Since there’s a lot at stake, maybe it shouldn’t be too surprising that Steak-umm attempted to meet the moment on Wednesday when it posted a lengthy Twitter thread that distilled the problems and possible solutions of the country’s current disinformation.
It’s a lot to process ― which makes sense because Steak-umm is processed meat ― but the company made a lot of good points.
In the lengthy thread, Steak-umm blamed the rise of disinformation in part on public confusion when experts change opinions and guidance based on new data — things done in good faith — as well as the politicization of COVID-19, both of which were made worse by media amplification.
Steak-umm suggested experts could earn back public trust by acknowledging their own errors and being transparent about their processes.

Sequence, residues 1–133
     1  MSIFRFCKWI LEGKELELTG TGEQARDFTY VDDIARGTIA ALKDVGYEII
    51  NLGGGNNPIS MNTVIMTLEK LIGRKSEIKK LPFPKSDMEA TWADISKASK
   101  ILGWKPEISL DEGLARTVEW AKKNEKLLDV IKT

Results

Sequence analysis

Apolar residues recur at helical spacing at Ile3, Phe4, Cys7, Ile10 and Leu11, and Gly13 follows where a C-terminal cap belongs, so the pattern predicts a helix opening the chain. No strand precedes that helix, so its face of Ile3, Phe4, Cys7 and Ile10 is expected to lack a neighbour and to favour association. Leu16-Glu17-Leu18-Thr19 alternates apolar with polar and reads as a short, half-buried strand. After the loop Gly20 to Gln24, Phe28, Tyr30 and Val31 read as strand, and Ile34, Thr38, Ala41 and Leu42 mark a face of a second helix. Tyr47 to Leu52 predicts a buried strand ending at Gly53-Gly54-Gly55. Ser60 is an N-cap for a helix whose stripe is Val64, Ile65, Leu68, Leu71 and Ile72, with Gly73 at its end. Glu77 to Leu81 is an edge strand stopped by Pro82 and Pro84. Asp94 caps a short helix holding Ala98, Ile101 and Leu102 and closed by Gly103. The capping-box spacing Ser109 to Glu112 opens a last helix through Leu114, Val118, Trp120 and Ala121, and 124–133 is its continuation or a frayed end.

The company also said skepticism can be a valuable tool, but only if it’s coming from “a relevant expert or institutional consensus.”
Steak-umm conceded that ideological divides are here to stay, but fights between opponents need to use “mutually understood language and comparable information or else conversations can’t get off the ground.”
But the most important point ― at least to Steak-umm’s thinking ― may have been the last tweet, in which it transparently explained the real reason for the thread: to promote the sale of processed meat.
Steak-umm’s social media account has built a reputation in recent months for attempting to explore complex ideas that corporations tend to avoid in their public communications.
For instance, back in April, Steak-umm started a Twitter beef with Neal DeGrasse Tyson about the difference between “science” and “truth.”
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